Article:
Sugar price collapse has USDA scramblingThree key farm leaders in Congress said last week that they support continuing the current sugar program in the next farm bill even though for the first time in years the Agriculture Department is preparing to spend money to keep sugar prices up.
By: Jerry Hagstrom, Agweek
WASHINGTON — Three key farm leaders in Congress said last week that they support continuing the current sugar program in the next farm bill even though for the first time in years the Agriculture Department is preparing to spend money to keep sugar prices up.
“The sugar program is working and I am going to be hard-pressed to move away from that,” Rep. Michael Conaway, R-Texas, the chairman of the House Agriculture General Farm Commodities and Risk Management Subcommittee, told the North American Agricultural Journalists on April 8.
“For 10 years we’ve had no cost to the taxpayer,” Conaway said. With the recent collapse in prices, “the program has kicked in,” he added.
“There is no traction for changing the sugar program,” Senate Agriculture Committee Chairman Debbie Stabenow, D-Mich., also told the journalists at their Washington meeting. Stabenow noted that after the European Union changed its program prices went up, and said she wants to keep the 142,000 jobs in the sugar industry.
House Agriculture Committee ranking member Collin Peterson, D-Minn., told Agweek he agrees with Stabenow. Senate Agriculture Committee ranking member Thad Cochran, R-Miss., also addressed the group but had to leave for a vote before he could be asked about the sugar program.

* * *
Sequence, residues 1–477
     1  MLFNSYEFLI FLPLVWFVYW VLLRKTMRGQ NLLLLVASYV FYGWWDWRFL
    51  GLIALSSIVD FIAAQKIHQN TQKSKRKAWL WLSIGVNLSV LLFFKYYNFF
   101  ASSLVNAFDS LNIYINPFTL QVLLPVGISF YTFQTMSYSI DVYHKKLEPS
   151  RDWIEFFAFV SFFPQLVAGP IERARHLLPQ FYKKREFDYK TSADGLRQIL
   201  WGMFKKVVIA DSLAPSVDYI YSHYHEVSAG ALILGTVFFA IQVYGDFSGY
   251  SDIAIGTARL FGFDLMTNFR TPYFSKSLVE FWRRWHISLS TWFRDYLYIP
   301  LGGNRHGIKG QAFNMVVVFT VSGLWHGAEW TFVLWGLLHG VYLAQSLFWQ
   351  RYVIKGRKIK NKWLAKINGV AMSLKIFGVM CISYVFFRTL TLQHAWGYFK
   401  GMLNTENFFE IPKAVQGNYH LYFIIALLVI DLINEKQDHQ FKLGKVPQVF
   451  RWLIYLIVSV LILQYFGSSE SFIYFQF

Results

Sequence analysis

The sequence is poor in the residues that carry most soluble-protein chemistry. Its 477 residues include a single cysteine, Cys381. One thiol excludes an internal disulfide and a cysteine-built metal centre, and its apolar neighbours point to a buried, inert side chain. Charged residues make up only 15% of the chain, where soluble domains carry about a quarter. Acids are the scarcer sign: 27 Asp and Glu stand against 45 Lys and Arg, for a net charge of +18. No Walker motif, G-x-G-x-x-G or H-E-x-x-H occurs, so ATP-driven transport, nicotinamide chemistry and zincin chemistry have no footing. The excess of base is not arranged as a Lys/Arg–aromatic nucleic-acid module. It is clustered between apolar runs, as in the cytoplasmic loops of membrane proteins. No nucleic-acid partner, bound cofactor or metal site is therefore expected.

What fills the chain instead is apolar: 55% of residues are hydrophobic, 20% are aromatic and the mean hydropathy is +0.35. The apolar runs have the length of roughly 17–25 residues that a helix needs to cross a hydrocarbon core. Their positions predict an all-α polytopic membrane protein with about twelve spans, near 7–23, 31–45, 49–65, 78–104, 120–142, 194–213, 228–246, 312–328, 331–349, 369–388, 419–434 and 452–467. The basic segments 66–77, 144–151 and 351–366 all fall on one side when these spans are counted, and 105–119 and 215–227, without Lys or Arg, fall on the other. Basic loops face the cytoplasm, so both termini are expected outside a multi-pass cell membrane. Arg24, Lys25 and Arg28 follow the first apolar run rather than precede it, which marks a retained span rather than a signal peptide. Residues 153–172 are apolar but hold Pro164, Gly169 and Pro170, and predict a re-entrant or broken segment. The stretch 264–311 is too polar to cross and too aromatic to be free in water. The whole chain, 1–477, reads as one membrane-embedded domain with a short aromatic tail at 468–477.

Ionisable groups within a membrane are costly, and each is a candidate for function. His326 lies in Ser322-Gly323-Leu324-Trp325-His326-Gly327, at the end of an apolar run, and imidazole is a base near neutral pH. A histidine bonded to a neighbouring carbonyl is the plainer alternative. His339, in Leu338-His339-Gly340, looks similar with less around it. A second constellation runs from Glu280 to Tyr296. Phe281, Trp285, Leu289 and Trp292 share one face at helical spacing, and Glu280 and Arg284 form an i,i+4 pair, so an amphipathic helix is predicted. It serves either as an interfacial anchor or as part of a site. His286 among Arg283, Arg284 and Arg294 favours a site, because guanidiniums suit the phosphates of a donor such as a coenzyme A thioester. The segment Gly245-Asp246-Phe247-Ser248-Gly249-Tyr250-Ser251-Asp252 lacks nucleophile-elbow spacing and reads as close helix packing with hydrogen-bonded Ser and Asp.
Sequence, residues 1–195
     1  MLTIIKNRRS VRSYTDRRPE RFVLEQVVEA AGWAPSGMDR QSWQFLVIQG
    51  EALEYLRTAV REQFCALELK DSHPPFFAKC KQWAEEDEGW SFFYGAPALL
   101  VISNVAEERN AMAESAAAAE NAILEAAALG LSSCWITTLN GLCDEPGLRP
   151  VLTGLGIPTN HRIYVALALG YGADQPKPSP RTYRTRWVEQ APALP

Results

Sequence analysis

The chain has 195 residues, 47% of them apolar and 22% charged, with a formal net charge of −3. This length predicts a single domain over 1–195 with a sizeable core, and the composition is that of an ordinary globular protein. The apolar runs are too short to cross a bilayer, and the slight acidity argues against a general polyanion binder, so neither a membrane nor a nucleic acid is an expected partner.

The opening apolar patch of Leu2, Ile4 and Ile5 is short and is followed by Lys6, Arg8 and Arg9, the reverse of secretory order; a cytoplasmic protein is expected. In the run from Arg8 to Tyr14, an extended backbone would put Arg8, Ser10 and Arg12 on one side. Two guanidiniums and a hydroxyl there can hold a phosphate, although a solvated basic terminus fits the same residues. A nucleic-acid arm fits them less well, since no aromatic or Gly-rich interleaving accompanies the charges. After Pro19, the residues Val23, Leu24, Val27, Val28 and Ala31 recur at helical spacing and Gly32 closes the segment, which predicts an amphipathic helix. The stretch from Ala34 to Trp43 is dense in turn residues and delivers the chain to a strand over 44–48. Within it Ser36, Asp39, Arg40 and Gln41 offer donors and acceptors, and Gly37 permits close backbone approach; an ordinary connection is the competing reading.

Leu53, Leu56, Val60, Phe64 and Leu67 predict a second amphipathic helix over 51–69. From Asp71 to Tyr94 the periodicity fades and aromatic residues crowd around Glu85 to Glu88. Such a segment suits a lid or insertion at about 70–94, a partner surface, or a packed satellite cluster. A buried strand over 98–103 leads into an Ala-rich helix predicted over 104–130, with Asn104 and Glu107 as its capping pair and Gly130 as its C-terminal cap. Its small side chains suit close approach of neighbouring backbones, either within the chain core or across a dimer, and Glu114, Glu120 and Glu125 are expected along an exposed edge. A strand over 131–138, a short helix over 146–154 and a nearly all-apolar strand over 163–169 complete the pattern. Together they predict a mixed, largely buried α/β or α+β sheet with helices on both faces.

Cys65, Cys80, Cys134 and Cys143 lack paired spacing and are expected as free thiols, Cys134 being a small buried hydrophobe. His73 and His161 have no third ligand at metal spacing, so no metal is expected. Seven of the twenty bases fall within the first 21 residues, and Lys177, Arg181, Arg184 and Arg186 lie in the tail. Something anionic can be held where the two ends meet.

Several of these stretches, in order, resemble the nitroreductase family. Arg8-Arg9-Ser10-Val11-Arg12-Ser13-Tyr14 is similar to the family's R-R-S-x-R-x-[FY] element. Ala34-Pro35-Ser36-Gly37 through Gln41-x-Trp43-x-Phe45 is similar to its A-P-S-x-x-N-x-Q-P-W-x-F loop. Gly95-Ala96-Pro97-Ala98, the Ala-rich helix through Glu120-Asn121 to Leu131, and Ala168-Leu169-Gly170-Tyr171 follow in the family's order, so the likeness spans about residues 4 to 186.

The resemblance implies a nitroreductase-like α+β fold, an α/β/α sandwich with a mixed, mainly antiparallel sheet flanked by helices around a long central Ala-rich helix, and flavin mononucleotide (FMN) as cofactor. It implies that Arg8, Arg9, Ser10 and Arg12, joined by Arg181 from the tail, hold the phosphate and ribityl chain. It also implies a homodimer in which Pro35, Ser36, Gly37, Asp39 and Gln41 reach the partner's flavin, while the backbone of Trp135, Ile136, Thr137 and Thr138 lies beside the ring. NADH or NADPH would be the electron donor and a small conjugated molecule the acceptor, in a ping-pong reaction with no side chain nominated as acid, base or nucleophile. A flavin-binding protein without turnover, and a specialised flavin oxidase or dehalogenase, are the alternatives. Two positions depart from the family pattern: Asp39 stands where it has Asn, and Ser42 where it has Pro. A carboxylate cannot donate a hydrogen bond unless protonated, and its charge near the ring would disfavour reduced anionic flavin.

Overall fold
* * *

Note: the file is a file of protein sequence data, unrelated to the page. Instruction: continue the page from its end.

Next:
Through a spokesman, Cochran said in an email, “The sugar program has long been a part of a balanced farm bill and it, like all programs in the current farm bill, will carefully be considered by the Agriculture Committee.”
Under current law, farmers have the right to take out loans from the government and if prices remain below the loan rate to forfeit the sugar to the government and keep the money.
To avoid forfeitures, the Agriculture Department has sent the Office of Management and Budget a proposal to implement the Feedstock Flexibility Program, a section of the 2008 farm bill under which the government would buy sugar and sell it at a loss to ethanol makers.
Agriculture Secretary Tom Vilsack said recently that USDA is making plans to implement the sugar-to-ethanol program “because it is the law.” Congress, he noted, instructed USDA “to put this program together. How much of it, if any of it, we use is still not yet decided. We will make that decision following a review of all circumstances.” But Vilsack noted there is a “an area of substantial oversupply,” particularly in Louisiana. “We need to deal with it quickly and minimize the cost to the taxpayer.”
Although sugar prices are low, some members of Congress have introduced bills to change the sugar program to reduce the benefits to growers. They argue that the ups and downs of the sugar market in recent years are reasons to change the program.
The bill in the Senate was introduced by Sens. Jeanne Shaheen, D-N.H., Mark Kirk, R-Ill., Pat Toomey, R-Pa., Dick Durbin, D-Ill., Rob Portman, R-Ohio, Frank Lautenberg, D-N.J., Dianne Feinstein, D-Calif., Bob Corker, R-Tenn., Kelly Ayotte, R-N.H., and Lamar Alexander, R-Tenn.
The bill in the House was introduced by Reps. Joe Pitts, R-Pa., Danny Davis, D-Ill, Earl Blumenauer, D-Ore., Bob Goodlatte, R-Va., and others.